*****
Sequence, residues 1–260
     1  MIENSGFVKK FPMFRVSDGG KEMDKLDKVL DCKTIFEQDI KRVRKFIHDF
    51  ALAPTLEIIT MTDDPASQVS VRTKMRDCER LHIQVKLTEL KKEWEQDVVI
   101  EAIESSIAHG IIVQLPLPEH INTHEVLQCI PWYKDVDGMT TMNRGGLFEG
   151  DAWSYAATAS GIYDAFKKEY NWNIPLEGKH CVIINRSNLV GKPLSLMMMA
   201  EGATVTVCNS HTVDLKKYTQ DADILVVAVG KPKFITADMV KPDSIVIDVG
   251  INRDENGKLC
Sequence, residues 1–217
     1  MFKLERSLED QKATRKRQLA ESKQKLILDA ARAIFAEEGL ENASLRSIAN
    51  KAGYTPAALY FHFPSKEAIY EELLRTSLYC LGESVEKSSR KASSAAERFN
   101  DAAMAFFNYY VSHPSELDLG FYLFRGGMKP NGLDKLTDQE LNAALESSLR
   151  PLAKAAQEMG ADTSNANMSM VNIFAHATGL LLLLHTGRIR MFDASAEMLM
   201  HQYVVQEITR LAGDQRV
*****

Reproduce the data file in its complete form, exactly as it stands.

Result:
Sequence, residues 1–260
     1  MIENSGFVKK FPMFRVSDGG KEMDKLDKVL DCKTIFEQDI KRVRKFIHDF
    51  ALAPTLEIIT MTDDPASQVS VRTKMRDCER LHIQVKLTEL KKEWEQDVVI
   101  EAIESSIAHG IIVQLPLPEH INTHEVLQCI PWYKDVDGMT TMNRGGLFEG
   151  DAWSYAATAS GIYDAFKKEY NWNIPLEGKH CVIINRSNLV GKPLSLMMMA
   201  EGATVTVCNS HTVDLKKYTQ DADILVVAVG KPKFITADMV KPDSIVIDVG
   251  INRDENGKLC
Sequence, residues 1–217
     1  MFKLERSLED QKATRKRQLA ESKQKLILDA ARAIFAEEGL ENASLRSIAN
    51  KAGYTPAALY FHFPSKEAIY EELLRTSLYC LGESVEKSSR KASSAAERFN
   101  DAAMAFFNYY VSHPSELDLG FYLFRGGMKP NGLDKLTDQE LNAALESSLR
   151  PLAKAAQEMG ADTSNANMSM VNIFAHATGL LLLLHTGRIR MFDASAEMLM
   201  HQYVVQEITR LAGDQRV